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We're revisiting our 2016 trips to a Planned Parenthood clinic in Brooklyn.
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Well, we're halfway into the first full work week of 2020. We're doing it. 

I was driving to pick up my kid from preschool yesterday and decided I needed to re-listen to Saeed Jones talk about New Year's determinations to keep me in the reflective/intentional mindset. I may just re-listen to it once a week.

Today, we are sharing one of my favorite episodes of ours with you. It first came out in June 2016, when a lot in the world was different. We went to a Planned Parenthood clinic in Brooklyn over a series of days, and waited in a back conference room. In the lobby, there were fliers letting people know that we were there doing interviews about what had brought them into the clinic. The episode features the people who volunteered to speak with us, and what they told us about why they were there. 

A lot has changed since we first released this episode. We have a different president. The Supreme Court has two new justices, and in March, this newly configured court will hear its first abortion case. And how Planned Parenthood pays for many of the services we hear about in this episode (contraception, STI tests, etc.) has changed. In 2019, the organization chose to leave the Title X program and stop taking family planning funds after the Trump administration made a new rule stating that Title X grantees can't provide or facilitate abortions, except in certain situations. 

This episode is partially about that policy landscape, yes, but it's also about the private stories unfolding alongside those debates and headlines—about illness, relationships, sex, and how you figure out where to go when you need help. 

Anna and the Death, Sex & Money team
This Week on Death, Sex & Money

We're revisiting the days we spent at a Planned Parenthood clinic in Brooklyn back in 2016, where we talked with staff, patients, and protesters. Four years later, the landscape around reproductive rights has changed, but the stories of the people who work at, oppose, and seek care at Planned Parenthood are still relevant. Listen in your feeds now.

Your Stories: Determinations
We've been seeing some great determinations pop up on social media over the last week! Here are tweets from teacher Mike Astuccio and archivist Sierra King:
We're also sharing some of your determinations in our new episode this week. Keep sending them in! Here are a few others that have come into our inbox:
"My determination for 2020 is to play the piano more. I played from the time I was five until I was in my twenties, and then I didn't have a piano for a long time. Now I'm 47 and I've had a piano for about five or six years, thanks to my husband who got it for us when my mother in law passed away. Well, I don't play it very much. It sits down in my basement, I don't see it, I don't make time for it, I get easily distracted by other things. So this year, I think what I'm going to do is put a reminder in my calendar for once a week and go down there and play this silly thing. Not silly thing. Amazing, amazing thing."
 
—Glenda, 47, Victoria, BC
"I recently learned how to make cheesecake and it was a lot easier than I thought. So I thought, well, probably, there's a lot of things that I've been wanting to do that are easier than I thought. So I have dubbed the year 2020 the year of being curious, and I'm going to try new things! And explore this part of the state that I have moved to, and try to be more curious about the world and the things that I've always wanted to do."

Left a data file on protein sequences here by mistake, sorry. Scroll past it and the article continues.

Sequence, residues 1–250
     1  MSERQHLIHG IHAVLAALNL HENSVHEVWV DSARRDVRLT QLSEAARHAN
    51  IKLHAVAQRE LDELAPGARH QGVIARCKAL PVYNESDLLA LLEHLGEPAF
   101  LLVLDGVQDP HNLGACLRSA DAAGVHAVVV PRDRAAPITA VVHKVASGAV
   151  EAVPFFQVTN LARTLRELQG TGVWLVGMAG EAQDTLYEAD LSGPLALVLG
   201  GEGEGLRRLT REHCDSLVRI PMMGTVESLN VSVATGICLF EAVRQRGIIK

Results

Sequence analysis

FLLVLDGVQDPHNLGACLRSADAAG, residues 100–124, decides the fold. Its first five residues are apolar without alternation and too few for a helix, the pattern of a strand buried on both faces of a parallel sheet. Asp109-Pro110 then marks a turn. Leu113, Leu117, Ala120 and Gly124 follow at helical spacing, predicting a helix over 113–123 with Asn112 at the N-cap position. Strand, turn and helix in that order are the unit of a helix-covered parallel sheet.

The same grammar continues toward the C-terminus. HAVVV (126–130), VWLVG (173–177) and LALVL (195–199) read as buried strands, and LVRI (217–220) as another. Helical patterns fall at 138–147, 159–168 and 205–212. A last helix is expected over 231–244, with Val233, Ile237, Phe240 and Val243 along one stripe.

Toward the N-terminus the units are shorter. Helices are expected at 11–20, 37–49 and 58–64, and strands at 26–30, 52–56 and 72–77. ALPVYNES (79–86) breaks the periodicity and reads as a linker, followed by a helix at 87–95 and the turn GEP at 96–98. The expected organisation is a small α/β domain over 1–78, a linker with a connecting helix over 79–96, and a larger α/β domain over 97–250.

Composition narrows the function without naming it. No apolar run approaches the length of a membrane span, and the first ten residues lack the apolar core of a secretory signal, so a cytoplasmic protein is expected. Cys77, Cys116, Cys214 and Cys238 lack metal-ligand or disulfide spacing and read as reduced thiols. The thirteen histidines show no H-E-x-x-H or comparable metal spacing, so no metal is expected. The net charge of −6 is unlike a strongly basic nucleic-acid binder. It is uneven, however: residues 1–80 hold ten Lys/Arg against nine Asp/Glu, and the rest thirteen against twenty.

—Pamela, 51, Oxford, MS
"One of my favorite poets is Brian Andreas. He posted a piece recently about his Uncle Carl and a conversation they had when Brian was little. His uncle was asking him how many people he could love, and he thought 10... maybe if he practiced, he could get to 20. Then he asked his uncle, 'How many people could you love?' And his uncle said, 'Pretty much everyone I'll ever meet, but I've been doing it a long time, so it's as easy as breathing for me now.' And that's my determination: to practice so that loving others becomes as easy as breathing."
 
—Erin, 64, Castro Valley, CA

Listen to This: Audio We Love

Our relationship with Iran has been a huge part of the news this week. So if you want to learn more about U.S.-Iran relations over the years, NPR's podcast Throughline and their episode "Four Days in August" is a great place to start. While many people think of the 1979 hostage crisis as the most important part of the countries' relationship, hosts Ramtin Arablouei (who's of Iranian descent) and Rund Abdelfatah go back even further and take a look at the 1953 coup of Iranian Prime Minister Mohammad Mossadegh, which was orchestrated by the CIA.

And a recent episode of Criminal, called "Panic Defense," begins with a murder case from the 1990s in which one man shot and killed another after they both went on The Jenny Jones Show. While on the show, the victim had told the shooter that he had a crush on him—and in the resulting murder trial, criminal defense attorneys argued that the shooter's "feeling that he had been humiliated on the show...pushed him over the edge." The episode goes on to examine this defense strategy, which attempts to shift blame in a murder trial from the criminal defendant to the LGBTQ victim, and looks at why it's been so hard to ban its use in courtrooms. 
As we work on our race and friendship episode, we want to hear from you: what have you read that's helped you think more deeply about race and friendship?

Send in your recommendations (books, essays, articles, etc.) to deathsexmoney@wnyc.org.
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